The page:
Hedonia v. Anhedonia

Western society has given hedonism a bad rap. When we read the word or hear it, we get the feeling there is a wrongness to it. We liken it to a wild party that’s gone on for days, or people who only live for their own pleasure. But really it’s not as bad as all that. In fact, it can be quite good for us. The basic tenet of hedonism is the “pursuit of pleasure.” In philosophical circles, hedonism it’s believed that an individual’s pleasure, or satisfaction, is the highest good and correct goal of life.

So where did we go wrong? In many ways, society has gone the opposite way towards anhedonia. Anhedonia is the inability to enjoy things that should be pleasurable. As Susan wrote in Embracing Uncertainty, “It is a strange irony of modern society that the more we have, the less we seem to enjoy.”

We have so much to do, so many commitments, and take so little time to appreciate our daily blessings, that our lives have become anhedonic. We very literally lack the ability to find pleasure in our existence.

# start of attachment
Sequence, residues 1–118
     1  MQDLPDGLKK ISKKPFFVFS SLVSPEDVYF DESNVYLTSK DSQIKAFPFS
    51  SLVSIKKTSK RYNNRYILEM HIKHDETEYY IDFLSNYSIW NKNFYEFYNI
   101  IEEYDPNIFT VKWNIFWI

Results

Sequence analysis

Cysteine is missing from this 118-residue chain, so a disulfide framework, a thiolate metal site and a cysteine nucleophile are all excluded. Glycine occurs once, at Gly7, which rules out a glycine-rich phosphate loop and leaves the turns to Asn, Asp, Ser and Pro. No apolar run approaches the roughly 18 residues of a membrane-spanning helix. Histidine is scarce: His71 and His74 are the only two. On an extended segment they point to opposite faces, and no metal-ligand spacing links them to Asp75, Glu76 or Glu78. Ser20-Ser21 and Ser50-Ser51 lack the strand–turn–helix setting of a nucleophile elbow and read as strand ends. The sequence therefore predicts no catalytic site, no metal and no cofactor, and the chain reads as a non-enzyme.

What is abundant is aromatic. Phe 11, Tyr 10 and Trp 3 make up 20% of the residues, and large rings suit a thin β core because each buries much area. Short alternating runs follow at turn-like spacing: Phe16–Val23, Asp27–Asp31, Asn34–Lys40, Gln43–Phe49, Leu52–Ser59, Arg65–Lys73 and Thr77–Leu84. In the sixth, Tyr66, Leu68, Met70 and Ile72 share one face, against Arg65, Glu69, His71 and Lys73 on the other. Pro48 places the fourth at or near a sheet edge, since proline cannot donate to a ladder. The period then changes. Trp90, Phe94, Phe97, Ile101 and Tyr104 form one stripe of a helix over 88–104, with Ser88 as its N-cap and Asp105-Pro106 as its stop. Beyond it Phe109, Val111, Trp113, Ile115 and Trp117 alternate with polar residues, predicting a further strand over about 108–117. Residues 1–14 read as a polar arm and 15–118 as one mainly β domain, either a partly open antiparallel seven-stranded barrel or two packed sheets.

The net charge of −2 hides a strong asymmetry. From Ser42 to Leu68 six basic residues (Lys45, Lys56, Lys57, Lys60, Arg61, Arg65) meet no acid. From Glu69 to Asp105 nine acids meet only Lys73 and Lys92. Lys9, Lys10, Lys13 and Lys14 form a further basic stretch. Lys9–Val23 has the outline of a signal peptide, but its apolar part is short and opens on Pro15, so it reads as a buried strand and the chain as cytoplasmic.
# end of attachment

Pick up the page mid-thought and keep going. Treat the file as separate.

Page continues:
But it doesn’t have to be that way! We can choose to pursue a more hedonic reality, one where we take pleasure in life’s blessing and in life’s frustrations. When we slow down a bit and look for the wonders in our lives we can start living for life’s pleasures. As Susan said, “Little by little, we can work to take the “An” off of “Anhedonia” and then will find ourselves in the heavenly hedonic state of being in this world.”